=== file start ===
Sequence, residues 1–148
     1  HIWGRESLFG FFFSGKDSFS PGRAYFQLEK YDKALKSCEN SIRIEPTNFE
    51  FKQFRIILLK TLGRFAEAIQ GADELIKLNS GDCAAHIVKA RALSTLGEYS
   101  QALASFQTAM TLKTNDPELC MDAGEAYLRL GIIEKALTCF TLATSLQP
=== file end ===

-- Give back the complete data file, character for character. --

Sequence, residues 1–148
     1  HIWGRESLFG FFFSGKDSFS PGRAYFQLEK YDKALKSCEN SIRIEPTNFE
    51  FKQFRIILLK TLGRFAEAIQ GADELIKLNS GDCAAHIVKA RALSTLGEYS
   101  QALASFQTAM TLKTNDPELC MDAGEAYLRL GIIEKALTCF TLATSLQP